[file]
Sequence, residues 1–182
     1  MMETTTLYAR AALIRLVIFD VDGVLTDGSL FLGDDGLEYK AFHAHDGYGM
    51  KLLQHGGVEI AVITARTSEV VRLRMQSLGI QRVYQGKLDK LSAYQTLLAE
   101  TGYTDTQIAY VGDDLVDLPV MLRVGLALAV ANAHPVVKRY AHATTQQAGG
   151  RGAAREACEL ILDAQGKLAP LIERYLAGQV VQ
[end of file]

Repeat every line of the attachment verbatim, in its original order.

Sequence, residues 1–182
     1  MMETTTLYAR AALIRLVIFD VDGVLTDGSL FLGDDGLEYK AFHAHDGYGM
    51  KLLQHGGVEI AVITARTSEV VRLRMQSLGI QRVYQGKLDK LSAYQTLLAE
   101  TGYTDTQIAY VGDDLVDLPV MLRVGLALAV ANAHPVVKRY AHATTQQAGG
   151  RGAAREACEL ILDAQGKLAP LIERYLAGQV VQ